Hurricanes and Tropical Storms - Annual 2012

NCEI added Alaska climate divisions to its nClimDiv dataset on Friday, March 6, 2015, coincident with the release of the February 2015 monthly monitoring report. For more information on this data, please visit the Alaska Climate Divisions FAQ.

Atlantic Basin

2012 Season Summary:

The 2012 North Atlantic hurricane season had 19 named storms, ten hurricanes, and one major hurricane. The number of named storms marked the third consecutive hurricane season with 19 named storms for the basin and tied with 2011, 2010, 1995, and 1887 as the third busiest year for North Atlantic tropical cyclones. An average season has 11 named storms, six hurricanes, and two major hurricanes (Category 3 strength or stronger). The number of named storms and storms that reached hurricane strength was above average, while the number of major hurricanes was below average. The 2012 season marked the lowest number of major hurricanes in the basin since 1997, which also had only one. There were no Category 4 or 5 storms during the season, only the third time this has occurred since 1995. Hurricane Michael, the only Category 3 hurricane of the season, retained major hurricane strength for 6 hours. One hurricane (Isaac), two tropical storms (Beryl and Debby), and one post-tropical storm with hurricane force winds (Sandy) made landfall during the season. No major hurricanes struck the U.S. coast, marking the seventh consecutive year without a major hurricane strike.

The Accumulated Cyclone Energy (ACE) index of tropical cyclone activity also indicated an above-average season. The ACE index is used to calculated the intensity of the hurricane season and is a function of the wind speed of each tropical cyclone. The 2012 Atlantic hurricane season had an approximate ACE value of 128 (x104 knots2) which was above the 1981-2010 median value of 93 (x104 knots2) and nearly the same value as the 2011 season. The highest ACE index on record occurred during the 2005 season, which had an ACE index of 250 (x104 knots2). Although there was an extremely high number of tropical storms during the year, the below-average number of major hurricanes kept the seasonal ACE value relatively low compared to more active years.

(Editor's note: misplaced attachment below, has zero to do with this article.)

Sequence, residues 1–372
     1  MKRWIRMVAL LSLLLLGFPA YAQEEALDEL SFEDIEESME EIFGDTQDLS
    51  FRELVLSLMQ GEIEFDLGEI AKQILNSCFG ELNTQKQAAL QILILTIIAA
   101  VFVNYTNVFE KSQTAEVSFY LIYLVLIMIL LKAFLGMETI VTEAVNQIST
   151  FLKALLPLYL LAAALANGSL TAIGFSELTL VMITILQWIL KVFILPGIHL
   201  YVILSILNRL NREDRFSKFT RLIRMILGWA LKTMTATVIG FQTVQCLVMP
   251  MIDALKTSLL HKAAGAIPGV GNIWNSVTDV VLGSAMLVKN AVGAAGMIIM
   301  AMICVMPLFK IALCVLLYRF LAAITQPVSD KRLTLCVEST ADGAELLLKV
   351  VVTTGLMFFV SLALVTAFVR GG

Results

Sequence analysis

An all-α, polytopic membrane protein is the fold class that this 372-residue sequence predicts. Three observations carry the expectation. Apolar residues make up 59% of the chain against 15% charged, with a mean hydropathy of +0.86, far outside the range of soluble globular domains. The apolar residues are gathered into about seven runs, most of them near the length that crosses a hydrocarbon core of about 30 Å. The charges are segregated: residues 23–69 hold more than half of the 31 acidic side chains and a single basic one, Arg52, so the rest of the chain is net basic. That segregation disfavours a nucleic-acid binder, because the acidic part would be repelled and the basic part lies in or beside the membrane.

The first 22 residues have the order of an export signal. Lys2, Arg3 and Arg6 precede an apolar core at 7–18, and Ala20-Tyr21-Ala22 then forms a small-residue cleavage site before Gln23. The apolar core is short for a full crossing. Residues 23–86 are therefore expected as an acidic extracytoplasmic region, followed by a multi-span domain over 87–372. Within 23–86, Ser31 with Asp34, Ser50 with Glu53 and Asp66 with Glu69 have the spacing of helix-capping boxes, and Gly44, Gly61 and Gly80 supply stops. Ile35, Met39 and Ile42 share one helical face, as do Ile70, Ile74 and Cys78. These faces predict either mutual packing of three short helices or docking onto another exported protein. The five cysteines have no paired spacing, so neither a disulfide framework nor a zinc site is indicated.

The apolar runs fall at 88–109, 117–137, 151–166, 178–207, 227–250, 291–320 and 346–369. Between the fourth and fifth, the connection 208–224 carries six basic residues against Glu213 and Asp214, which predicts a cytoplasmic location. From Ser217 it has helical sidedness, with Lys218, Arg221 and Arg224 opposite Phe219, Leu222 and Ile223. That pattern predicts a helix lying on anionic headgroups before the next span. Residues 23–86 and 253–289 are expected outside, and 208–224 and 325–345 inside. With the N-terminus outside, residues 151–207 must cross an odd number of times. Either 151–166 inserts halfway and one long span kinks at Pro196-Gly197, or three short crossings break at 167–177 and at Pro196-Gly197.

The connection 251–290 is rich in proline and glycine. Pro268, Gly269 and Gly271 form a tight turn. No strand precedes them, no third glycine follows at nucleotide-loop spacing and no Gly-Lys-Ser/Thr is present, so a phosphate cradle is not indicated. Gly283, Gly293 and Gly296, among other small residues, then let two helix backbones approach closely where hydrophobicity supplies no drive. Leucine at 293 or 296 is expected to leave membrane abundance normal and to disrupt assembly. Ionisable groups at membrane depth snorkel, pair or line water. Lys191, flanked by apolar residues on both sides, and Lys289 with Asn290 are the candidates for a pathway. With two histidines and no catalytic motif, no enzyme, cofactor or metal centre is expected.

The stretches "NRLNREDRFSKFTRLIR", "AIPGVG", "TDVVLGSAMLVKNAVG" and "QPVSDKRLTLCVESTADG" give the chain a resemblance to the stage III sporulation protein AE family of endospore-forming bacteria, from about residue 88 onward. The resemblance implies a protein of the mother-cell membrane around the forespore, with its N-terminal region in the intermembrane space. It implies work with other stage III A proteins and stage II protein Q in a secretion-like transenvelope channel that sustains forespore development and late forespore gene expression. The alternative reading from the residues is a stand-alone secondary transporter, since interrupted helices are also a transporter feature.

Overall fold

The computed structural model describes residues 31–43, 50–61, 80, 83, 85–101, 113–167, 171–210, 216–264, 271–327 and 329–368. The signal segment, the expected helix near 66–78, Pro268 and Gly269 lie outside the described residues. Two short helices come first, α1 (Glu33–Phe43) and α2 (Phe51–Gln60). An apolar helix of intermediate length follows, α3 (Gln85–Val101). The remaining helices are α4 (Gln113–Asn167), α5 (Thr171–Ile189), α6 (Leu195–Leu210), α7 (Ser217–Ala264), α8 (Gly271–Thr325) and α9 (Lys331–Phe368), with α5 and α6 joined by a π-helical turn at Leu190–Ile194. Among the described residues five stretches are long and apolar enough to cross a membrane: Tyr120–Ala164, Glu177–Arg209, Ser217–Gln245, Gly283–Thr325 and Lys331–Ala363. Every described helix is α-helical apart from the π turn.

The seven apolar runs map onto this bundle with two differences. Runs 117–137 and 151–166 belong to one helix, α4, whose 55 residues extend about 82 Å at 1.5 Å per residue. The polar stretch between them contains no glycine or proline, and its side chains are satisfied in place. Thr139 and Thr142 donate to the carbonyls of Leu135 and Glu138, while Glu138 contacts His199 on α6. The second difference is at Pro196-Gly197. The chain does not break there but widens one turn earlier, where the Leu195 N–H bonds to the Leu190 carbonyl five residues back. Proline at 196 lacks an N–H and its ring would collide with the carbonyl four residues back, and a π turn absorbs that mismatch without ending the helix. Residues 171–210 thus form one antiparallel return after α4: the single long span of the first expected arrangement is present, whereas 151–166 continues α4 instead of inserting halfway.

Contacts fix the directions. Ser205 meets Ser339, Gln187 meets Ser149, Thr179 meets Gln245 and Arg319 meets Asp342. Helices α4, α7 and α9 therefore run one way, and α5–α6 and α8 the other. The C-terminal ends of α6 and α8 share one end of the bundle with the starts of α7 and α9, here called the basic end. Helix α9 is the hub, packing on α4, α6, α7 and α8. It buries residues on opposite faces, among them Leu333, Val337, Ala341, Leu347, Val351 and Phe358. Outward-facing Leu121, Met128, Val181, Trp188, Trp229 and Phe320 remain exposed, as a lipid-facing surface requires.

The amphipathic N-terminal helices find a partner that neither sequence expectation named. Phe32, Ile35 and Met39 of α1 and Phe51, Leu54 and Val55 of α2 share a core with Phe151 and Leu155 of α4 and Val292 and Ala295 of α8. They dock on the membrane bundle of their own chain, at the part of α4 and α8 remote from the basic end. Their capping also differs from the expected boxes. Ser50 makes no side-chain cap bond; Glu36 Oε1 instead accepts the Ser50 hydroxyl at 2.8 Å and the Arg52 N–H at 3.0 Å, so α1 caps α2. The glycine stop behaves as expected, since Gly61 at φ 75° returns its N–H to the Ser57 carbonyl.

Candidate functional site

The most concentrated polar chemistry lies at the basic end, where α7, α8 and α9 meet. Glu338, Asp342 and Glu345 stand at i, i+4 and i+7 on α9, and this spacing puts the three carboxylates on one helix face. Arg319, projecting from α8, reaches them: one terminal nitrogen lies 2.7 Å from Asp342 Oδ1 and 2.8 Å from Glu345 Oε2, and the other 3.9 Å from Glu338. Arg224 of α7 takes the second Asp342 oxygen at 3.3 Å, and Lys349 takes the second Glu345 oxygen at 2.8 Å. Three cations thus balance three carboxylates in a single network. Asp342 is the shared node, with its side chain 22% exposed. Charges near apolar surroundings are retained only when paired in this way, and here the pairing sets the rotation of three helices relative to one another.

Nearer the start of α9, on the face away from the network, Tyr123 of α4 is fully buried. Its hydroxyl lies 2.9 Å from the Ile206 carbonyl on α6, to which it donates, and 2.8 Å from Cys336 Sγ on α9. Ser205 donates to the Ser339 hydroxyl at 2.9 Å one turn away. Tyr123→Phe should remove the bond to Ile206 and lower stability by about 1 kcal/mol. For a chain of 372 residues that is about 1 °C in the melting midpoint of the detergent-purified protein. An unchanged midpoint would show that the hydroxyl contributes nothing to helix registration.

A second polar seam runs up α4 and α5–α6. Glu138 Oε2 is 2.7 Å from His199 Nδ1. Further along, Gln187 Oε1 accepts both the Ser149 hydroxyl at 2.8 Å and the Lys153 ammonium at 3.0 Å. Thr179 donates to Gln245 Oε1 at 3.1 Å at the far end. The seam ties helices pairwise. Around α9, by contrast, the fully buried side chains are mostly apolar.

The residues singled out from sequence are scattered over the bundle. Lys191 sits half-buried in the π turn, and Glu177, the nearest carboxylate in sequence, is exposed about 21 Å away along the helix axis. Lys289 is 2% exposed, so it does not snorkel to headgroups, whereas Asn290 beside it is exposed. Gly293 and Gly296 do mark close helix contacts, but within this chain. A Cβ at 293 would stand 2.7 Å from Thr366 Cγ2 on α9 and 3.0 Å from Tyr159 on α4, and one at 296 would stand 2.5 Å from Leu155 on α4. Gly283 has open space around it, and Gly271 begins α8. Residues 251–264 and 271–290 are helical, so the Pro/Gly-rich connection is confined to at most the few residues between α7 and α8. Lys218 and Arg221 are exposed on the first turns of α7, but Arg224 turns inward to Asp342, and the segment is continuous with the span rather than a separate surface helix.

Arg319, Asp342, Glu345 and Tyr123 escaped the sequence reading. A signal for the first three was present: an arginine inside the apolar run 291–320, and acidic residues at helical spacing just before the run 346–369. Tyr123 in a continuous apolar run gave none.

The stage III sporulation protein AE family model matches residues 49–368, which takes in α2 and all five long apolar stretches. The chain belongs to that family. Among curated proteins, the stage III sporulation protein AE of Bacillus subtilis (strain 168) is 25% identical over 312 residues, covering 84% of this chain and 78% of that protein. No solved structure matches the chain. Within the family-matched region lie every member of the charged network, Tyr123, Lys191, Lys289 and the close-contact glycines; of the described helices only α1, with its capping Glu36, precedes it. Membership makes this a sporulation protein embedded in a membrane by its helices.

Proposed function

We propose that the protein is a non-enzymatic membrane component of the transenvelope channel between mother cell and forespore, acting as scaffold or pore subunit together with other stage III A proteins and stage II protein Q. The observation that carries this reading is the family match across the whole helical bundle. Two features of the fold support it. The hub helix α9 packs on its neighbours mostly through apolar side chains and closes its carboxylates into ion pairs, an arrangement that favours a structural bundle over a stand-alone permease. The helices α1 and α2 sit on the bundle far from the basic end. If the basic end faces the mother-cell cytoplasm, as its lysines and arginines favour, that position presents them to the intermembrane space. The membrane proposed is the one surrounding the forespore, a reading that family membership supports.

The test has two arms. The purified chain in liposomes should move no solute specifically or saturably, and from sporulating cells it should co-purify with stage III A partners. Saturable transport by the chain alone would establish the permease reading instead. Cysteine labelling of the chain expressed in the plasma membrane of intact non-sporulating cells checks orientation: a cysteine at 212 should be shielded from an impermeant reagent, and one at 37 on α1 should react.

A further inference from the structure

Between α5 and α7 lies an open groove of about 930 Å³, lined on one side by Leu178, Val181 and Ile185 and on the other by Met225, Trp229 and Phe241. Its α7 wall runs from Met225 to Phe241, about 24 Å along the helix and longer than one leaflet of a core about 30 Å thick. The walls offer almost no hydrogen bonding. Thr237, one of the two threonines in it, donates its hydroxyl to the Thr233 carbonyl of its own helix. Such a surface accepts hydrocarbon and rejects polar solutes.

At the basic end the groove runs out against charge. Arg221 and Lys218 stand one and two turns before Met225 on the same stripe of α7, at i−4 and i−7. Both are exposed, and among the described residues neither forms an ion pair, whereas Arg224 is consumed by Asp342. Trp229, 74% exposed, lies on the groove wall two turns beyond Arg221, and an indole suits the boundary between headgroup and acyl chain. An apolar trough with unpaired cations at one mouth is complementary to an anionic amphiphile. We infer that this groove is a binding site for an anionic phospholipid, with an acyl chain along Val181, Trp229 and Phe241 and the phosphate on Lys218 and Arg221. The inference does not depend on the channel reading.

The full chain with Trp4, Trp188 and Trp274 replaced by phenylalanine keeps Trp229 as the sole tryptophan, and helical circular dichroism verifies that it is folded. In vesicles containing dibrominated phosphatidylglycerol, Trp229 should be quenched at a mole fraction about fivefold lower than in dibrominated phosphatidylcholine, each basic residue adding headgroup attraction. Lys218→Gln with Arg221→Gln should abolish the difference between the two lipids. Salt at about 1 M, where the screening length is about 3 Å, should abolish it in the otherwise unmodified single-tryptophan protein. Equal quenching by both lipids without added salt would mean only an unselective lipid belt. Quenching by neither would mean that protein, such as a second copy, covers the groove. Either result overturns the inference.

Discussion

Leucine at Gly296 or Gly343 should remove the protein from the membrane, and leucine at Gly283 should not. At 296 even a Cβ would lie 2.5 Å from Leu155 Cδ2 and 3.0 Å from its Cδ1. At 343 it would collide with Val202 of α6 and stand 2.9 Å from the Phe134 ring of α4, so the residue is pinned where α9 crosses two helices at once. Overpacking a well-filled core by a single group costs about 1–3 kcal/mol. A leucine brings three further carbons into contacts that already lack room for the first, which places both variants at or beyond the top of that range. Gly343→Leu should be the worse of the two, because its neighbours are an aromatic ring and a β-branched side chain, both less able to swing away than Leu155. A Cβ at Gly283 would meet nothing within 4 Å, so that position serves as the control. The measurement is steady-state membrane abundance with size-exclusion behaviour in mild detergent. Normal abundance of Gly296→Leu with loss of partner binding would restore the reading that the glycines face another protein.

The above-average season was associated with much warmer-than-average sea surface temperatures across a large area of the North Atlantic, and an active African easterly jet that generated numerous tropical waves which developed into tropical storms. Above-average wind shear and atmospheric stability inhibited the tropical storms that did develop from becoming major hurricanes.

Several aspects of the 2012 North Atlantic hurricane season were unique. Tropical Storm Beryl, which formed on May 25th and made landfall near Jacksonville, Florida, on May 28th, was only the third time on record that the second named storm of the year formed before June 1st (the official start of the hurricane season). Beryl was also the strongest tropical storm to make landfall in the U.S. during the month of May. Tropical Storm Debby’s formation on June 23rd was the first time there have been four named storms in the basin before July 1st. Hurricane Nadine, which formed on September 12th and dissipated on October 4th was the fifth longest-lived tropical cyclone on record for the North Atlantic. Post-tropical cyclone Sandy, which made landfall near Atlantic City, New Jersey, in October, will likely be the second costliest storm system to impact the United States, behind Hurricane Katrina.